Before there was Mario Andretti, Michael Schumacher, or Dario Franchitti there was Phil Hill. In his new book The Limit: Life and Death on the 1961 Grand Prix Circuit, author Michael Cannell tells the story of the man who in 1961 became the first American-born racer to win the Grand Prix Championship. Bill Littlefield spoke with Cannell about the book and the history of auto racing.
At the center of The Limit is the rivalry between two drivers, Phil Hill and Count Wolfgang von Trips. Both were employed by Enzo Ferrari, for whom winning races was “an endless, insatiable need.”
Author Michael Cannell maintains that the rivalry can legitimately be compared to Borg-McEnroe and Ali-Frazier, and nobody who reads The Limit is likely to argue with that.
But the book does more than present a rivalry. The Limit describes a culture in which the deaths of drivers and the mutilation of spectators unfortunate enough to be in the path of cars that sailed or tumbled off the road were commonplace.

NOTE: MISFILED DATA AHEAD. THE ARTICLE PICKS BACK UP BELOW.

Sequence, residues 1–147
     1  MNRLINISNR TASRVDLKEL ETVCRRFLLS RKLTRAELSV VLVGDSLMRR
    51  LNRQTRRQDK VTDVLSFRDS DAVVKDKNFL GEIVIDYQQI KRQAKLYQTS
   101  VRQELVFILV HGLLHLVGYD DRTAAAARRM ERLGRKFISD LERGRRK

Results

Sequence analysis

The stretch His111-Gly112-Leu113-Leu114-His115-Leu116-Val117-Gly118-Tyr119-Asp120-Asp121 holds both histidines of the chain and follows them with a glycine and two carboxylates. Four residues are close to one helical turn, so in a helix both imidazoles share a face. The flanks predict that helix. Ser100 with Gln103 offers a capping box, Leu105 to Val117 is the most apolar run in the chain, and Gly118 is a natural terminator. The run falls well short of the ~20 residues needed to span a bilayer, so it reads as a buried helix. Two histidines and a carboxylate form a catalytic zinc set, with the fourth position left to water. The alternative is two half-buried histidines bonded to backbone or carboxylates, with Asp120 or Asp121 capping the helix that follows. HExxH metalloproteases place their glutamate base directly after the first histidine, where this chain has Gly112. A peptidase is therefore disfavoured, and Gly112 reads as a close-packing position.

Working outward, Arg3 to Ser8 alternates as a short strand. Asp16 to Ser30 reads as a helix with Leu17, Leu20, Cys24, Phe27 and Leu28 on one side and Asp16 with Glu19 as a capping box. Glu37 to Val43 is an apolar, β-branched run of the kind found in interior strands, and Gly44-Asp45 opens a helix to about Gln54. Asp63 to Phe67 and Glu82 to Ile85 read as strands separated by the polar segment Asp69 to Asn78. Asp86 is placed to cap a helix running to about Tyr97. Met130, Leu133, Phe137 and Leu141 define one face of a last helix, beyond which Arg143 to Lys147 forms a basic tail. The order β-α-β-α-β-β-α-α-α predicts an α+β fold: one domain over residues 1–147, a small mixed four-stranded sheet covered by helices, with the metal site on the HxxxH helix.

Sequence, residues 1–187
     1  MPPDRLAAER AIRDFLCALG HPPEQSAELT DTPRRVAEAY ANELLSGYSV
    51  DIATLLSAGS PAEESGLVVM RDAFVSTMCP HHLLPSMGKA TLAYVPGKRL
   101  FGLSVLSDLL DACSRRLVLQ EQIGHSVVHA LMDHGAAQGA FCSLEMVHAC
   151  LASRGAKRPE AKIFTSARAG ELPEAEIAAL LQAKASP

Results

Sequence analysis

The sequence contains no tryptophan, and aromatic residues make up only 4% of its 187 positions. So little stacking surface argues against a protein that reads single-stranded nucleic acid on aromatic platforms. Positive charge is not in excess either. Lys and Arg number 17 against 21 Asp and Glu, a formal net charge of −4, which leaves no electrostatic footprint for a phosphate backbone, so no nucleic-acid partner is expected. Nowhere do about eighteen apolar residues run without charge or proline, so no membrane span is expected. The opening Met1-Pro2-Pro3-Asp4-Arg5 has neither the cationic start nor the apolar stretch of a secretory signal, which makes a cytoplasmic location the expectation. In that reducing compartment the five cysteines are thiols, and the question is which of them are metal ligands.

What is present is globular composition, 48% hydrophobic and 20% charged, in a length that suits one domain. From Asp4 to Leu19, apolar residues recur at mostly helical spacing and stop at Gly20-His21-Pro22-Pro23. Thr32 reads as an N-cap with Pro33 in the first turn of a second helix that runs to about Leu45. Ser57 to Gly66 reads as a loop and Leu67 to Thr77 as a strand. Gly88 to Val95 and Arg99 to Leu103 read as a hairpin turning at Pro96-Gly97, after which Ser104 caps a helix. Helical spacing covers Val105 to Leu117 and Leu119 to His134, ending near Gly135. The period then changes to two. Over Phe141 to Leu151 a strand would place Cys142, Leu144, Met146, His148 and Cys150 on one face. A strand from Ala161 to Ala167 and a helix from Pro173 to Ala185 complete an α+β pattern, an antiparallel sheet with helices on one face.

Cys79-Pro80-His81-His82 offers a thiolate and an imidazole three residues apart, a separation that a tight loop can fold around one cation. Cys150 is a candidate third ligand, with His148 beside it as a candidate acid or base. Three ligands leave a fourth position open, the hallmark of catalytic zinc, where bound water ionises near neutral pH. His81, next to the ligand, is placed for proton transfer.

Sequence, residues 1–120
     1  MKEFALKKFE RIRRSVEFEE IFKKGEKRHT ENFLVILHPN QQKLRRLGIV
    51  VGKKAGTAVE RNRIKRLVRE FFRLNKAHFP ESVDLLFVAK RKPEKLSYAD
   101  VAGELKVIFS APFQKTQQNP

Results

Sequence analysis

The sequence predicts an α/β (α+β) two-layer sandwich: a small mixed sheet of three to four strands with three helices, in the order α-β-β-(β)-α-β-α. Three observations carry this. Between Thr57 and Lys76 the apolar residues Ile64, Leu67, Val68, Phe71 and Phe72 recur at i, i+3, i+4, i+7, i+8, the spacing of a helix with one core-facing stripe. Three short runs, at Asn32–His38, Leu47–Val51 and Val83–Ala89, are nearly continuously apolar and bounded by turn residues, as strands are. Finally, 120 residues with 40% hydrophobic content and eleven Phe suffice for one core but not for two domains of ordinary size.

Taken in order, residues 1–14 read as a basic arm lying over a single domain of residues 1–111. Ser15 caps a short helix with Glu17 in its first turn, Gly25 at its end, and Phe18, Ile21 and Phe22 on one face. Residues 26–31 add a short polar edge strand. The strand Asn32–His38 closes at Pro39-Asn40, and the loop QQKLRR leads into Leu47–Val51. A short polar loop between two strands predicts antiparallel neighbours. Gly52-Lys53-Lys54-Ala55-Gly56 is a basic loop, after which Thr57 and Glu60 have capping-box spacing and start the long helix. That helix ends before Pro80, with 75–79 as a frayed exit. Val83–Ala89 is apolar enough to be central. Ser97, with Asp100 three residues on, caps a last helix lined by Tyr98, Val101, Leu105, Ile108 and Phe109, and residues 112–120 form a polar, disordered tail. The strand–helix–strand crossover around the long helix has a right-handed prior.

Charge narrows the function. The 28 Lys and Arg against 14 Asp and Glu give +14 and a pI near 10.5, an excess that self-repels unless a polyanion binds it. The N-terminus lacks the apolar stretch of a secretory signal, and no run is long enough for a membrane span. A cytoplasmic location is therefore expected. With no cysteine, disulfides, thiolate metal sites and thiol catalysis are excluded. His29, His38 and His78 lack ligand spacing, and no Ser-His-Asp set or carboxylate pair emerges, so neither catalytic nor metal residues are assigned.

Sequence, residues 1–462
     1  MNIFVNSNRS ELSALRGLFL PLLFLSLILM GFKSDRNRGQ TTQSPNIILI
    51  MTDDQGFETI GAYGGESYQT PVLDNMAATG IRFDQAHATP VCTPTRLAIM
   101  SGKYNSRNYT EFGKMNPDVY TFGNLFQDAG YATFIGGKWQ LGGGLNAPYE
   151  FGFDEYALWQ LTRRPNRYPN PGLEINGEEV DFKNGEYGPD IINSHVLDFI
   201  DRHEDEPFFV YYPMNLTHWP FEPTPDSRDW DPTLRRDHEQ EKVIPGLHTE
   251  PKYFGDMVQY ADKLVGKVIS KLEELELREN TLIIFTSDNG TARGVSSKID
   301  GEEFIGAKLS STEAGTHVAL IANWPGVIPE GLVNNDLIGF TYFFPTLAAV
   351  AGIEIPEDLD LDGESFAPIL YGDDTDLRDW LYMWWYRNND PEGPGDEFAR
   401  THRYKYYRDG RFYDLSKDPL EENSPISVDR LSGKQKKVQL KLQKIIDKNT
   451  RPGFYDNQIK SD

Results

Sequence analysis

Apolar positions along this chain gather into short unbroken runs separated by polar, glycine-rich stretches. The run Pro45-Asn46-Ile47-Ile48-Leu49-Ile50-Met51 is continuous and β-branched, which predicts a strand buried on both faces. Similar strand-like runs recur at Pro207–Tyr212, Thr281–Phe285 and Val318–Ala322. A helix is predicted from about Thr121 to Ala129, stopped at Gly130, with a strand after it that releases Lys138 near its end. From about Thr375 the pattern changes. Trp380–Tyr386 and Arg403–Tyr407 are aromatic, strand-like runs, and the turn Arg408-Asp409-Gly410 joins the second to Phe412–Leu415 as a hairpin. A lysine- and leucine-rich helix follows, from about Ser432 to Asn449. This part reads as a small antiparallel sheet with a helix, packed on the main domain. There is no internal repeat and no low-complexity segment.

“They came for the spectacle, and for the ghoulish prospect of witnessing a crash,” Cannell writes. “They were rarely disappointed.” Unless they were carried away on stretchers.
According to Cannell, nearly everything about the sport of auto racing has changed since Hill and von Trips roared through the Grand Prix courses in their Ferraris. He characterizes Hill as “among the last drivers of his breed to leave the sport.” Even to the author, the “episodes” he describes “seem unthinkable from the perspective of today’s risk-free culture.” An exploration of history would be reason enough to read about the Grand Prix drivers of half a century ago, even if Cannell wasn’t such a good story-teller.